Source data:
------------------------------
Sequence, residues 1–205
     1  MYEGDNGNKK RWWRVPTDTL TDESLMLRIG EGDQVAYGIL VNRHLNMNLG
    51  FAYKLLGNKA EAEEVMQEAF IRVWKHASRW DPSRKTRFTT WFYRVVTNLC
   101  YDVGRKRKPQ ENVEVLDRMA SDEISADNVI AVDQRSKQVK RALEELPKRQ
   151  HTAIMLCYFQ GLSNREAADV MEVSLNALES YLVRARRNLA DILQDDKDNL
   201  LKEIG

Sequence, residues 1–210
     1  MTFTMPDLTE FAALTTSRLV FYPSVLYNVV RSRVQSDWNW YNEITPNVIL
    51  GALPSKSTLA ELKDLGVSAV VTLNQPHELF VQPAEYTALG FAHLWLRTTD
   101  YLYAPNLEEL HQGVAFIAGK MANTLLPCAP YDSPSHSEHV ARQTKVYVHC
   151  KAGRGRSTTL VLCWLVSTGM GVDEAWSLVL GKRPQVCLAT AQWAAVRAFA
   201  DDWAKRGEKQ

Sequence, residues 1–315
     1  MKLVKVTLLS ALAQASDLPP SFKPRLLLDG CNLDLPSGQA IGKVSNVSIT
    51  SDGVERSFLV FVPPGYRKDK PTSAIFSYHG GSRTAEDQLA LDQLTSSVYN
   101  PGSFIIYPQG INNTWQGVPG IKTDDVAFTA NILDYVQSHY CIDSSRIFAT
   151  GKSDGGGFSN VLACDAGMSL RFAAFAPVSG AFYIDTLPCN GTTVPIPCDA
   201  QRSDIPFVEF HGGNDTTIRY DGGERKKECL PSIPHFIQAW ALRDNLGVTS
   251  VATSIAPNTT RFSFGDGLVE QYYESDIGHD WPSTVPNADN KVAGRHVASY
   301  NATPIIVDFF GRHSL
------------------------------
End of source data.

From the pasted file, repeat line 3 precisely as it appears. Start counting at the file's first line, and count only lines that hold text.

    51  FAYKLLGNKA EAEEVMQEAF IRVWKHASRW DPSRKTRFTT WFYRVVTNLC